This invention is a new and improved motor vehicle steering wheel including a hub, a longitudinal bore in the hub which receives a distal end of a steering shaft, a lateral bore in the hub which intersects the longitudinal bore, a lateral notch in the distal end of the steering shaft which is aligned with the lateral bore in the hub, a cross bolt, and a plastic sleeve on a shroud wall of the steering wheel which secures the cross bolt in a temporary position to the steering wheel for transport as a unit with the latter. In the temporary position of the cross bolt, the plastic sleeve resiliently grips a screw-threaded barrel of the cross bolt and a pilot end of the cross bolt partially obstructs the longitudinal bore in hub. The steering wheel is mounted on the steering shaft by inserting the distal end of the steering shaft into the longitudinal bore in the hub. The distal end of the steering shaft cams aside the pilot end of the cross bolt which thereafter snaps back into the lateral notch to signal complete penetration of the distal end of the steering shaft in the longitudinal bore in the hub. When the cross bolt is thereafter expelled from the plastic sleeve and screwed into the lateral bore in the hub, the plastic sleeve shrinks to trap the cross bolt in the lateral bore.

BRIEF DESCRIPTION OF THE DRAWINGS

FIG. 1 is a fragmentary, partially broken-away, perspective view of a motor vehicle steering wheel according to this invention;

FIG. 2 is a sectional view taken generally along the plane indicated by lines 2--2 in FIG. 1;

FIG. 3 is a sectional view taken generally along the plane indicated by lines 3--3 in FIG. 2;

FIG. 4 is similar to FIG. 2 showing elements of the steering wheel according to this invention in different positions;

FIG. 5 is a sectional view taken generally along the plane indicated by lines 5--5 in FIG. 4;

FIG. 6 is similar to FIG. 2 showing elements of the steering wheel according to this invention in further different positions;

FIG. 7 is a sectional view taken generally along the plane indicated by lines 7--7 in FIG. 6;

FIG. 8 is similar to FIG. 2 showing elements of the steering wheel according to this invention in further different positions; and

FIG. 9 is a sectional view taken generally along the plane indicated by lines 9--9 in FIG. 8.

DESCRIPTION OF A PREFERRED EMBODIMENT

Referring to FIG. 1, a motor vehicle steering wheel 10 according to this invention includes a metal hub 12, a plurality of structural metal spokes 14 welded to metal hub, and a circular rim 16 welded to the spokes. A back side 18 of the steering wheel is covered by a plastic, thin-wall shroud 20 having a circular opening 22 through which the metal hub 12 is exposed and a lateral access opening 24 facing a side of the metal hub.

As seen best in FIGS. 1-3, the metal hub 12 has a planar front side 26 and a tubular boss 28 generally perpendicular to the front side. A cylindrical longitudinal bore 30 in the hub extends through the tubular boss 28 and intersects the front side 26. The longitudinal bore 30 is interrupted internally by a pair of V-shaped flat sides 32A-32B which traverse the length of the bore. A lateral bore 34 in the hub 12 intersects the longitudinal bore 30 and includes a screw-threaded end 36 on one side of the longitudinal bore 30 and a smaller diameter plain end 38 on the other side of the longitudinal bore. The lateral bore 34 crosses the longitudinal bore 30 generally where the space between the flat sides 32A-32B is maximum.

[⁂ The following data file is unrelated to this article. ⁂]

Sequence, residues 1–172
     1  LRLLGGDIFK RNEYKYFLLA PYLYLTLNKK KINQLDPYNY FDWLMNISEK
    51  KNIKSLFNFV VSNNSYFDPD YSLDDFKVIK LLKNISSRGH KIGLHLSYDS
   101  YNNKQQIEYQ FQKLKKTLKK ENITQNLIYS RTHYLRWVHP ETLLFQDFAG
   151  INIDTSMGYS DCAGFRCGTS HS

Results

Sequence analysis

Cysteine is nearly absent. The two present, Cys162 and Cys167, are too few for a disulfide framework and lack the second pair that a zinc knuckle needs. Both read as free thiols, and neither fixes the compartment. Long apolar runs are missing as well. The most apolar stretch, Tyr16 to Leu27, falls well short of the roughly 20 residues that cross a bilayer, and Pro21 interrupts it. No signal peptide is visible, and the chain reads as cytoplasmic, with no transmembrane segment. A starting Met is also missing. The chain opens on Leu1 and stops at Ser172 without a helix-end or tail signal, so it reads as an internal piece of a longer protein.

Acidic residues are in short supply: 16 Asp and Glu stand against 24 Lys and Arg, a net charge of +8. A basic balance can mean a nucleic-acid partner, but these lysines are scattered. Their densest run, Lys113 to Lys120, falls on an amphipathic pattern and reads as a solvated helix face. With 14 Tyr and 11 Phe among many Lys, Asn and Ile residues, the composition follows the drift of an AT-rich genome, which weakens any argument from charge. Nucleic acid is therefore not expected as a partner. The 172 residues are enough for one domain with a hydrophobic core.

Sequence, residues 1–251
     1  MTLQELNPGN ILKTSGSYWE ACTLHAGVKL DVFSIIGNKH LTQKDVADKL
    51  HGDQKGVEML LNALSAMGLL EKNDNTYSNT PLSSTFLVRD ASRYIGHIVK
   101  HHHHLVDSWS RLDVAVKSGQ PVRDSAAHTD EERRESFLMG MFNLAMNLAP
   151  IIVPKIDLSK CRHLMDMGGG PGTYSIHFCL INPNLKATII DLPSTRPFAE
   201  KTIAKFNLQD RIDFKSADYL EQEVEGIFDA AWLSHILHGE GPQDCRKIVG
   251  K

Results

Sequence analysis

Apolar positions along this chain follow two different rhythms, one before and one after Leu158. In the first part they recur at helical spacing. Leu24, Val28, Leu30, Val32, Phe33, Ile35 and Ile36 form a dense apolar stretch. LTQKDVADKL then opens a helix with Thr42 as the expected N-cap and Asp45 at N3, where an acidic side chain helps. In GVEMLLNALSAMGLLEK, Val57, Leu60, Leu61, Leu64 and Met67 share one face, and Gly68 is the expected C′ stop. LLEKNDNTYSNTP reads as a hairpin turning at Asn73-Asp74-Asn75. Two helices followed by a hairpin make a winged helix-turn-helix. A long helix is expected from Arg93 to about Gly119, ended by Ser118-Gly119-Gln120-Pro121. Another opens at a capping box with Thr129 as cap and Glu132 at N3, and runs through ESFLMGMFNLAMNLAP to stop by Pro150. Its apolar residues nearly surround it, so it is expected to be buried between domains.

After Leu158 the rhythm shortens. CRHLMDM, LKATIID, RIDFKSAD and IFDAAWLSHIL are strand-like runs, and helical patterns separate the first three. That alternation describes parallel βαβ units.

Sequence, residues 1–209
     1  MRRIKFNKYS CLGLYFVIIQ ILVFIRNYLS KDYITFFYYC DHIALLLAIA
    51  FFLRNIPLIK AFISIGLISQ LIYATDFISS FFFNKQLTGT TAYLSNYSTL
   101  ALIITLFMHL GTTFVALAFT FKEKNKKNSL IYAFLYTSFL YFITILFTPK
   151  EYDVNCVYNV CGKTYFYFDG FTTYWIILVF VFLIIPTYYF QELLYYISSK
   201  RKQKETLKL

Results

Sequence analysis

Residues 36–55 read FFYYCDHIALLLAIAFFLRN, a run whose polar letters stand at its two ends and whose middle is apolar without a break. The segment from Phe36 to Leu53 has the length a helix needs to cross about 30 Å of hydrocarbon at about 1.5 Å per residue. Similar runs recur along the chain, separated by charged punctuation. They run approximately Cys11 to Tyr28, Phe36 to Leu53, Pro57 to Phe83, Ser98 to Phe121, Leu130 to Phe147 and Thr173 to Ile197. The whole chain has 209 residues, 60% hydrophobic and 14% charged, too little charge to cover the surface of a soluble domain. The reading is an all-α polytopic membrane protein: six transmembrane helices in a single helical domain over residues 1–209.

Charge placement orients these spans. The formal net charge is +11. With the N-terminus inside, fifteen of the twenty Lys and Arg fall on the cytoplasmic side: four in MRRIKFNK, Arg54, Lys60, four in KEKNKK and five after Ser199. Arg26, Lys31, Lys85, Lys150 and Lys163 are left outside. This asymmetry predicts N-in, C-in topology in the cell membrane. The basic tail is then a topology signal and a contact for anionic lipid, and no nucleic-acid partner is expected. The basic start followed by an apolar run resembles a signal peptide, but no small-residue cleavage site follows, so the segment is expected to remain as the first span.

A steering shaft 40 is rotatably supported on a steering column, not shown, of the motor vehicle and includes a cylindrical distal end 42. The cylindrical distal end 42 is interrupted by a pair of V-shaped flat sides 44A-44B which converge at about the same angle as the flat sides 32A-32B in the longitudinal bore 30 in the hub. The distal end 42 of the steering shaft 40 is further interrupted by a lateral notch 46 which extends across the shaft where the separation between the flat sides 44A-44B is maximum and which defines a segment of a frustoconical surface of revolution.

The steering wheel 10 is mounted on the steering shaft 40 by inserting the distal end 42 of the steering shaft into the longitudinal bore 30 in the hub 12 until the lateral bore 34 in the hub registers with the lateral notch 46 in the distal end of the steering shaft. A cross bolt 48 in the lateral bore 34 has a screw-threaded barrel 50 in the screw-threaded end 36 of the lateral bore 34, a smaller diameter pilot 52 closely received in the plain end 38 of the lateral bore 34, and a frustoconical body 54 between the barrel 50 and the pilot 52 seated in the lateral notch 46 in the distal end 42 of the steering shaft 40. The frustoconical body 54 of the cross bolt 48 interferes with the lateral notch 46 to positively prevent dislodgment of the hub 12 from the distal end of the steering shaft.